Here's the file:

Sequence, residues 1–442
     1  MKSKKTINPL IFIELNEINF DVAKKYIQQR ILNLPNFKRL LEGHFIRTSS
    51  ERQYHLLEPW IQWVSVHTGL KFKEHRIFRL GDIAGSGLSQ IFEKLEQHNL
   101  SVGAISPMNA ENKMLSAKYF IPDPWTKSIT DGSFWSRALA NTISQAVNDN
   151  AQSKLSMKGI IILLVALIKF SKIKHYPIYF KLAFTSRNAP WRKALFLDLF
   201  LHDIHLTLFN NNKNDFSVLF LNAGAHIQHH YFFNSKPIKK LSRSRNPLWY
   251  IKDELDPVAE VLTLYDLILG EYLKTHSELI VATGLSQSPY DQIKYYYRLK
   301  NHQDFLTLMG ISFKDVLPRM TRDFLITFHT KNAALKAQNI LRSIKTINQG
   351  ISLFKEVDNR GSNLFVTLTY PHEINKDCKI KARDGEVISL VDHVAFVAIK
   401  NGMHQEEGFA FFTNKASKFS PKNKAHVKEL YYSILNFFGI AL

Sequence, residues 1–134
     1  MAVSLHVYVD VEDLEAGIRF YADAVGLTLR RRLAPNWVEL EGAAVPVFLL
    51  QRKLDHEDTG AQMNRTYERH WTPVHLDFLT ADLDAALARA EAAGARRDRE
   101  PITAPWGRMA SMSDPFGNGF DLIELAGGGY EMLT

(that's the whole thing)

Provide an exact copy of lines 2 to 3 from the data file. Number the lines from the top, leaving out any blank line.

     1  MKSKKTINPL IFIELNEINF DVAKKYIQQR ILNLPNFKRL LEGHFIRTSS
    51  ERQYHLLEPW IQWVSVHTGL KFKEHRIFRL GDIAGSGLSQ IFEKLEQHNL